During pre-dubs, O’Connell says, “We wanted to present to the director our vision of how we thought the ship should sound, and give it a unique character unto itself; we didn’t want it to sound like the Starship Enterprise or the Millennium Falcon, for example. Remaining in the box meant that we could refine everything as we moved through pre-dubs to pre-mixes and then print mastering — which was essential, because we were receiving new visuals right up to and beyond print mastering! For example, we could rethink the robot voices as their CGI elements were refined.”
Files worked closely with two talented sound designers/editors: Phil Barrie and Lee Gilmore. “We used as much original material as possible, opting for newly recorded and designed sounds and not effects libraries,” Files stresses. “We spotted each reel and tried to deliver a mix of early ideas to Morten and Maryann as soon as possible so that we could start getting feedback. In general, I tried to get out of Phil and Lee’s way and let them start developing their creative ideas, then review the scenes with them after they’ve had a pass and talk through notes and new ideas.
“As we were developing the sound palette of the film, we often talked in terms of ‘How should the audience feel about this thing?’ rather than ‘How does this thing work?’ he continues. “I think that’s a much better approach, since sound is such an expressive and emotional medium. Especially in a film like this, where nearly everything is created with CGI, it gives us a huge amount of latitude to create sounds that are stylized and part of a cohesive vibe. It’s a lot like working on an animated feature, since all we really get from the set is the dialogue.”
The supervising sound editor wanted the ship interiors to sound “very elegant and classy with fresh sounds of high-end, high-tech, non-threatening hardware — maybe as if Apple had made the Starship Avalon!” he says. “It was all about product design; how would it sound, in a unified way? We carefully developed sophisticated-feeling sounds for the lights turning on and off, for example, together with motors in the elevators and other mechanical systems. The ship has no hard edges visually so we tried to extend that aesthetic into the sounds; we looked for softer but weighty sounds, trying to strike the balance between delicate and industrial to retain that high-quality feel of the ship on the soundtrack as well, with maybe a musical tone to it, to enrich ‘the passenger experience’ that the ship’s designers might have wanted.”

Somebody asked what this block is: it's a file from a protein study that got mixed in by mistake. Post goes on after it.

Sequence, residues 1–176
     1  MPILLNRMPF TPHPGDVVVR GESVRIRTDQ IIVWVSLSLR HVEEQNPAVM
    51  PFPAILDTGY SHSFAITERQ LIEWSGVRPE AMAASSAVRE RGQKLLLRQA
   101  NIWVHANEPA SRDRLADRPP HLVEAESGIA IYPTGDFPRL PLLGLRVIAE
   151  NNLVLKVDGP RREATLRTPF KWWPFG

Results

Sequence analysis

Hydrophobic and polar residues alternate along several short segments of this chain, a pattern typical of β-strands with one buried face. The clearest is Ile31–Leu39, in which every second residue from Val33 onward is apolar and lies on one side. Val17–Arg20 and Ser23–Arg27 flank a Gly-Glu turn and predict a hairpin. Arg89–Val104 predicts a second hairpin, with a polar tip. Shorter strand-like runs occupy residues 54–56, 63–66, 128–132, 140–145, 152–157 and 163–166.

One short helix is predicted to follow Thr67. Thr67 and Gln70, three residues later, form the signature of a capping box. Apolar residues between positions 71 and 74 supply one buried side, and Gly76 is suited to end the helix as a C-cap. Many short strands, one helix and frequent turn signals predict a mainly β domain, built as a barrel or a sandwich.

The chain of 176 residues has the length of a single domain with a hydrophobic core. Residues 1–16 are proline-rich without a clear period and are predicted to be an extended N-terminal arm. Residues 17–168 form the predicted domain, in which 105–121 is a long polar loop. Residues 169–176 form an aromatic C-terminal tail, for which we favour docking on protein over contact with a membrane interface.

For sounds of the ship engine, various motors and other technology, Files did not use any real-world sounds. “Since the film is set hundreds of years into the future, it wouldn’t sound like what we currently know about,” he says. “So we tried to move beyond typical servo motors and look for new motor sounds, using synthesizers and samplers to create musical noises and manipulate them to sound like real objects. We also used unexpected sound sources for some of them: slowed-down chair squeaks; a cardboard box sliding on a wooden floor; rolling metal cups and glasses around a table top to see what they sounded like; and we even used the sound of the new cylindrical Apple Mac Pro rolling on a glass table as one of these spaceship motor elements. The robot motors were also derived from musical tones, to create a unique voice character for each one, sometimes using non-steady modulation and maybe slowing it down to half-speed to add an imperfect ‘personality.’” Such engine sounds also needed to co-exist with Newman’s powerful percussive score.